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Origin

Rudolf Hess was born in 1894 in Alexandria, Egypt, to a German importer/ exporter and his wife. They returned to Germany in 1908. At the outbreak of the First World War he enlisted in the 7th Bavarian Field Artillery Regiment, where he was an infantryman and awarded the Iron Cross, second class. After several injuries he joined the Imperial Air Corps in 1918 at the rank of lieutenant. He married his wife Ilse in 1927.  

Character Evolution

He became a devoted Nazi in 1920 after hearing Adolf Hitler speak to a crowd. After the disastrous Beer Hall Putsch, Hess was sentenced to seven and a half months in prison, where he became a kind of personal secretary for Hitler, transcribing and editing Hitler's book, Mein Kampf. When Hitler seized power in Germany in 1933, he named Hess as Deputy to the Fuhrer, a post Hess would hold until 1941. Hess' influence in the party slowly declined as the focus shifted to foreign policy, however he still maintained a great deal of legislative power within the party, perhaps greater than the powers wielded by some of the more prominent Party members like Hermann Göring and Heinrich Himmler. He was second in line to run the party in the event of Hitler being incapacitated, behind Göring.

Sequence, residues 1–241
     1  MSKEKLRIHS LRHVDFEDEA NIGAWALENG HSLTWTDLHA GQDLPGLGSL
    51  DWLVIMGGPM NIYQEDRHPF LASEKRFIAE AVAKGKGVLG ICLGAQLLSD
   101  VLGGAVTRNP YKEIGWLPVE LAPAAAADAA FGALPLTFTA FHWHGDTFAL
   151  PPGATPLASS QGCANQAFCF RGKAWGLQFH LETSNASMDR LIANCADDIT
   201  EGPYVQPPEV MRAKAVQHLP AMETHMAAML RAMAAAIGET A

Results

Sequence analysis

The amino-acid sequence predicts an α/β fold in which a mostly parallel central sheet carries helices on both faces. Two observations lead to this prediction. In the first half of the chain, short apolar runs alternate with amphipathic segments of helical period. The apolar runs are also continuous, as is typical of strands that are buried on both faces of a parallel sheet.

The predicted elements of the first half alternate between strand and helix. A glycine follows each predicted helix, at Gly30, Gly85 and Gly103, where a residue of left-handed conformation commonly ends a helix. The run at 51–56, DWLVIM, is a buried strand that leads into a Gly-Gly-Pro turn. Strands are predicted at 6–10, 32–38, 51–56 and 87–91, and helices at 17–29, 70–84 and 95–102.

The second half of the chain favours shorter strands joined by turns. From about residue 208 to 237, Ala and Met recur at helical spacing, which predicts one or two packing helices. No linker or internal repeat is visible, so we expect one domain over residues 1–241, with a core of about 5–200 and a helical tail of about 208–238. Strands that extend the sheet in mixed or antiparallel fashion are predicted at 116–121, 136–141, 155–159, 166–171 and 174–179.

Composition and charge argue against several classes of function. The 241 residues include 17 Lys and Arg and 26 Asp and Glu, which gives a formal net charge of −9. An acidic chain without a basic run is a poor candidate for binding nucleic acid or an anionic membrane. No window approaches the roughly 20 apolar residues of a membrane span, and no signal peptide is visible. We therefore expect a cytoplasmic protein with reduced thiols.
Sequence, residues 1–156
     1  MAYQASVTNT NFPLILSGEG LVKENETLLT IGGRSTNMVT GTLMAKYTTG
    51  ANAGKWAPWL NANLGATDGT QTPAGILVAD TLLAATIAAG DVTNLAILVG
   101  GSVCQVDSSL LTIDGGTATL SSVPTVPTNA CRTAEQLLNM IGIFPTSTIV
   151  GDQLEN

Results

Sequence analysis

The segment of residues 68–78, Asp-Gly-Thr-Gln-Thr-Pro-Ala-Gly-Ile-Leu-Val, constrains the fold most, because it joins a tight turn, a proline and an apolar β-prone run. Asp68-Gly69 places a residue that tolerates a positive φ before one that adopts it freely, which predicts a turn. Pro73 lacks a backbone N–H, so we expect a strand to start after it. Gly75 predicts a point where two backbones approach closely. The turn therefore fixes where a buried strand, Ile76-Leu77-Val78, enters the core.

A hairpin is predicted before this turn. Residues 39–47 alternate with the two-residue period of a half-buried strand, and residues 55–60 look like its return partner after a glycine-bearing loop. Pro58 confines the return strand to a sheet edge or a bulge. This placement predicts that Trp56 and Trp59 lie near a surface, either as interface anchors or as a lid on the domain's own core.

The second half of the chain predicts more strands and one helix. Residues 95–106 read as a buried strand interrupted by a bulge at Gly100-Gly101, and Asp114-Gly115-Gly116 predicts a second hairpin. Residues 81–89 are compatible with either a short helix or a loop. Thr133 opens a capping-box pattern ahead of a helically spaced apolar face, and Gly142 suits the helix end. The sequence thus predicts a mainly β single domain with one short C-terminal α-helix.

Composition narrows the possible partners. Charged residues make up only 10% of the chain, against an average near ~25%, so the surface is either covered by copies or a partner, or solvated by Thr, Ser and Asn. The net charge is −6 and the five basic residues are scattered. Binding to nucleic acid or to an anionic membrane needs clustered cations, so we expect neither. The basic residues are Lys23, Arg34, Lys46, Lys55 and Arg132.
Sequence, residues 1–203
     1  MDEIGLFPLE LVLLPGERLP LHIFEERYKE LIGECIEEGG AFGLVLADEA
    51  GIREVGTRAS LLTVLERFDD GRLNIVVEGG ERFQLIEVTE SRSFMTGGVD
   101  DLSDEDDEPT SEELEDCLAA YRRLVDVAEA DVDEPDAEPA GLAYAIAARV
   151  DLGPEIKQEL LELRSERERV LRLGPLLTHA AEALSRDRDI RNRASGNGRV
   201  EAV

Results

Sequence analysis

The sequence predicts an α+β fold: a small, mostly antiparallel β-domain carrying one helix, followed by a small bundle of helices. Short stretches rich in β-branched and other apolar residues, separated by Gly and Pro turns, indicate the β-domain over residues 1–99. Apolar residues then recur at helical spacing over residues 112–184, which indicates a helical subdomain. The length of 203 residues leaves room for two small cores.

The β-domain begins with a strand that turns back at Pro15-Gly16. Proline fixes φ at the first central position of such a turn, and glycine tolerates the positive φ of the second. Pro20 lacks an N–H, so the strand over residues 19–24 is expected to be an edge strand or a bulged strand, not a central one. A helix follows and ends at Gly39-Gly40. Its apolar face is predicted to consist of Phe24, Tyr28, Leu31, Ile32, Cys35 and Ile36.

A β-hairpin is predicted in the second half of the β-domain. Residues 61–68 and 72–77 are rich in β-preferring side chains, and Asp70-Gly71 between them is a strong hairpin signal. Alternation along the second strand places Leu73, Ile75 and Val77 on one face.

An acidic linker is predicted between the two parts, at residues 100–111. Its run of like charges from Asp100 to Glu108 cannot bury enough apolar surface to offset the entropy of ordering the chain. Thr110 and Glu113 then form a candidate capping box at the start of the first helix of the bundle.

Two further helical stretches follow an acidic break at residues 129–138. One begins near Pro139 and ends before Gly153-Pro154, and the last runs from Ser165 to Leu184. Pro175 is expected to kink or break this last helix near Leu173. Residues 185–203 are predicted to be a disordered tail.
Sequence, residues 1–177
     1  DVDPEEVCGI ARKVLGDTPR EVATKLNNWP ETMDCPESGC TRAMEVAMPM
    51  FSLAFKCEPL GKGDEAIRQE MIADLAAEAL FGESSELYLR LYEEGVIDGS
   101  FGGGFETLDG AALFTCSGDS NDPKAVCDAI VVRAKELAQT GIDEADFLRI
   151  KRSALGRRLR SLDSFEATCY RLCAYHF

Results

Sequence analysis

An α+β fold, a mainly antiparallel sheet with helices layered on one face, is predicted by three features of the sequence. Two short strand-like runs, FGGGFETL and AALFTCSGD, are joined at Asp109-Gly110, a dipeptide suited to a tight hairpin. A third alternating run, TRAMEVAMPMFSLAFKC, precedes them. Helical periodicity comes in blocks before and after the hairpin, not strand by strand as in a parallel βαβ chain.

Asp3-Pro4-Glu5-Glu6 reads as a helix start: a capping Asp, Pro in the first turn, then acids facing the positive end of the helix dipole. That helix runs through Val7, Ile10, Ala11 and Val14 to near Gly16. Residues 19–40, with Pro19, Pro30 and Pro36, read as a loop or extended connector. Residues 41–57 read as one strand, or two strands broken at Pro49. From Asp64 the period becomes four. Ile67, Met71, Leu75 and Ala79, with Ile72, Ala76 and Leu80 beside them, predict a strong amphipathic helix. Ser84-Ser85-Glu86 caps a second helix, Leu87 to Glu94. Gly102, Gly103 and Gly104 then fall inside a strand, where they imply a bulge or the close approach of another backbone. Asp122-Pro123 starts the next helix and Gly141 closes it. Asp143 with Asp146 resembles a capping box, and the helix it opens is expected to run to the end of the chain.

In many ways, Hess literally worshipped Hitler. He was probably the most committed of any of the Nazi party to the Hitler Myth. His ambitions in the party were limited, and he did not seem to want power in the same way that his fellow ministers did. He seems to have shared some of Hitler's interest in the paranormal, as it was he who ordered the mapping of all the ley lines in the Third Reich.  
 
Hess, who had hoped that Britain would ally with the Germans rather than fighting them, flew to Scotland on May 10th, 1941. While there he hoped to persuade the British to make peace with the Germans. He was first held in the Tower of London, then transferred to Mytchett Place, near Aldershot, where two MI6 agents attempted to debrief him. he grew increasingly agitated, insisting that he was going to be murdered, perhaps by poison in his food. The agents believed that he might be insane. He attempted suicide by throwing himself down a set of stairs, but only broke his leg. A psychologist concluded that he was not insane, but was mentally ill and depressed. Hitler had Hess' staff arrested and, eventually, it was determined that Hess had acted out of stress over the war, and had not been disloyal to Germany. At this point, Hess was stripped of all of his titles and powers and ordered shot on sight if he ever returned to Germany. For the remainder of the war he was held in a military hospital in Wales and a castle in Cornwall.  
 
After the war, he was tried at Nuremburg along with other Nazi leaders. He was noted as being the most mentally unstable of all of the defendants, much to the irritation of fellow defendant Göring. He was found guilty in 1946 of two of four counts, and sentenced to life imprisonment, which he served in Spandau Prison. After the release of two other convicted war criminals, Albert Speer and Baldur von Schirach, in 1966, Hess was the last remaining prisoner in Spandau, and remained so until his death by self-asphyxiation in 1987. 

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